‘98 Nissan stalling when coming to a stop

Before I begin, let me make it clear that I’m a newbie when it comes to working on cars.

So, my ‘98 Pathfinder has about 210,000 miles on the odometer, and I haven’t had it for very long.

I’ve had an issue with the car stalling every time I come to a stop too hard. The car will shudder when I brake and to prevent it from stalling I have to let off of the brake and ease back onto it (keep in mind this is only when I come to a complete stop). If it stalls, I have to turn the car off and turn it back on again. I’m also having issues with acceleration, it seems to have a rough time switching gears (automatic transmission) and if I need to accelerate quickly, like getting on the freeway, I also have to let off of the gas and reapply pressure to the pedal. Not sure exactly how to explain this but the car jerks as I press down on the gas pedal a second time. It’s usually slow to accelerate, sometimes my acceleration/the stalling isn’t bad and sometimes it’s really bad. This are essentially the only symptoms.

Check engine light comes on and off, I have 2 recurring codes. One is for a bad knock sensor and the other is the my evap canister.

I have several theories and things I have already tried.

I have replaced the fuel filter, done oil changes as normal, used Lucas transmission fix with my transmission fluid as well as Lucas fuel treatment in my tank. The Lucas transmission fix seemed to have helped for a maybe a week before the engine light came back on; not sure if this was just a pseudo effect, if it just happened to be one of those periods where my car runs smoother like i mentioned, or if it actually helped somehow. Regardless, problem is still there.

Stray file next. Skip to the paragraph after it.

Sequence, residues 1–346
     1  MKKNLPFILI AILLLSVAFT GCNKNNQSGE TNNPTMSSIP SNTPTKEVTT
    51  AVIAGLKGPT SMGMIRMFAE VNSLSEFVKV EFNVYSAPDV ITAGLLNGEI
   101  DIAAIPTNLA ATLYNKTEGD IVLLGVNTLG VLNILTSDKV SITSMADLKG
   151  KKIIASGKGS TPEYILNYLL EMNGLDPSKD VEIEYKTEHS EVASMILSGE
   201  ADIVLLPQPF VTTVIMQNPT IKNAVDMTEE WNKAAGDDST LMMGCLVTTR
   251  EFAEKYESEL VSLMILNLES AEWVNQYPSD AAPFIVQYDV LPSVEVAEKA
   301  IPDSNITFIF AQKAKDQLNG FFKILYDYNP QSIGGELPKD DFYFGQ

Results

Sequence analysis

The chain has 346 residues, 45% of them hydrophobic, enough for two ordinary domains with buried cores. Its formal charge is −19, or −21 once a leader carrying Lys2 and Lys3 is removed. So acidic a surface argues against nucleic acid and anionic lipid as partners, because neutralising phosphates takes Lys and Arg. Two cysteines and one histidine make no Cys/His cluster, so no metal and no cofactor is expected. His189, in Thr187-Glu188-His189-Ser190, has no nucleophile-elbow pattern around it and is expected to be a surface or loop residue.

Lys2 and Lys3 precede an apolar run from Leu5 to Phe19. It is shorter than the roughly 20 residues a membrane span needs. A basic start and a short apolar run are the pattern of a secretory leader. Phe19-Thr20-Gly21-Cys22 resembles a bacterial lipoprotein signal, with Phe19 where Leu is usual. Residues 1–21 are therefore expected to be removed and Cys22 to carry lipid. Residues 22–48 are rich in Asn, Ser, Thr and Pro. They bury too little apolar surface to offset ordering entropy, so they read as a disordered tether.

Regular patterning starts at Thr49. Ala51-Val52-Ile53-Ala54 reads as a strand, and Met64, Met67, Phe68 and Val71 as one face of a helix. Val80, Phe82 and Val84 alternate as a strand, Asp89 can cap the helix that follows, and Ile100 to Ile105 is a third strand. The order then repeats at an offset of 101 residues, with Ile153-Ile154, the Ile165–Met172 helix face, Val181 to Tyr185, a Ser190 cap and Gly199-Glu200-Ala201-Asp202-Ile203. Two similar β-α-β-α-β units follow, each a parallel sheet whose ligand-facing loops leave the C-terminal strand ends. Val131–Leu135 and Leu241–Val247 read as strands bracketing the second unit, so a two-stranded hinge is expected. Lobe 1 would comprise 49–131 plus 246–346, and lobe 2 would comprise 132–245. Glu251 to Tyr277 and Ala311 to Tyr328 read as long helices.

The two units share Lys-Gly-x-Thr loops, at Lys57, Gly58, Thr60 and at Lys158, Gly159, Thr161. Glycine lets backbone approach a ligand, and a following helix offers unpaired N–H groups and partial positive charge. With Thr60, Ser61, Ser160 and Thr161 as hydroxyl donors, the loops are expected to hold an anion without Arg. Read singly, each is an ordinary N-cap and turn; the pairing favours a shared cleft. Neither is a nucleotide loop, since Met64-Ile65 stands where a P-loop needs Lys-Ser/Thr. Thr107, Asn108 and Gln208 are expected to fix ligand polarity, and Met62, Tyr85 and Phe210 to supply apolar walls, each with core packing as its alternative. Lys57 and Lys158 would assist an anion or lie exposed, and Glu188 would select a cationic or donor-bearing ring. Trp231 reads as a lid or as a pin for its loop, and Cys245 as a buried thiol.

I have pondered if it’s the fuel pump, needs a transmission fluid change, new transmission filter, new evap canister (although the symptoms I’ve looked up for this don’t match up even remotely, car only has trouble with acceleration and braking), and now I’m wondering if it could be as simple as an air filter. The symptoms of a clogged air filter have matched up the most with my cars issues.

No transmission leak as far as I can tell, fluid level is fine; but I’m not a mechanic.

This car has not been well maintained or serviced as it should have been, I’m sure that most of the things I’ve listed need to be done regardless. The stalling is my immediate concern.

Thanks for reading, if anyone has any ideas please let me know!

I would simply do a complete tune up…which is not that involved on a 98’ Pathfinder. Change the spark plugs, distributor cap and rotor and even the wires with that many miles on the clock. Change the engine oil (w oil filter of course) and the air filter also.

Pay close attention to the air filter box and all of its connections…like the large black rubber hoses that connect the filter to the intake…look for any cracks or leaks. None of these black hoses or tubes can have any cracks or anything causing air leaks. Remove the MAF sensor and spray it off with brake clean spray or starting fluid…or aerosol MAF cleaner (the others will suffice just fine however). This will clear off any kind of residue or dust or worse from the MAF element so that it can measure Air more accurately (which is very important for fueling).